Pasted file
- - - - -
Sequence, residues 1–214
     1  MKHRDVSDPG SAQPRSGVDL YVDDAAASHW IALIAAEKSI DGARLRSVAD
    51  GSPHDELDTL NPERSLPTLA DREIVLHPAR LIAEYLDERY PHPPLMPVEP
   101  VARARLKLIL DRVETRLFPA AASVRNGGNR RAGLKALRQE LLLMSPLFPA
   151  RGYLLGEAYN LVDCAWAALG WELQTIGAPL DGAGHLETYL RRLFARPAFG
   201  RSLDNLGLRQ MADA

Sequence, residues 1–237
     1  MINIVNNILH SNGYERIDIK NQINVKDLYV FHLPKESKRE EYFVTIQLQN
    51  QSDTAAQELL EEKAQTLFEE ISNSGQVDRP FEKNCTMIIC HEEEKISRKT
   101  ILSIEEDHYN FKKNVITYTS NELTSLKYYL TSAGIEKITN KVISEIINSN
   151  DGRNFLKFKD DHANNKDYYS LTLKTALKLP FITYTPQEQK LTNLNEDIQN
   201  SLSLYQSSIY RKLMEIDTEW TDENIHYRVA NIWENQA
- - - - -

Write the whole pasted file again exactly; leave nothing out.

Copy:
Sequence, residues 1–214
     1  MKHRDVSDPG SAQPRSGVDL YVDDAAASHW IALIAAEKSI DGARLRSVAD
    51  GSPHDELDTL NPERSLPTLA DREIVLHPAR LIAEYLDERY PHPPLMPVEP
   101  VARARLKLIL DRVETRLFPA AASVRNGGNR RAGLKALRQE LLLMSPLFPA
   151  RGYLLGEAYN LVDCAWAALG WELQTIGAPL DGAGHLETYL RRLFARPAFG
   201  RSLDNLGLRQ MADA

Sequence, residues 1–237
     1  MINIVNNILH SNGYERIDIK NQINVKDLYV FHLPKESKRE EYFVTIQLQN
    51  QSDTAAQELL EEKAQTLFEE ISNSGQVDRP FEKNCTMIIC HEEEKISRKT
   101  ILSIEEDHYN FKKNVITYTS NELTSLKYYL TSAGIEKITN KVISEIINSN
   151  DGRNFLKFKD DHANNKDYYS LTLKTALKLP FITYTPQEQK LTNLNEDIQN
   201  SLSLYQSSIY RKLMEIDTEW TDENIHYRVA NIWENQA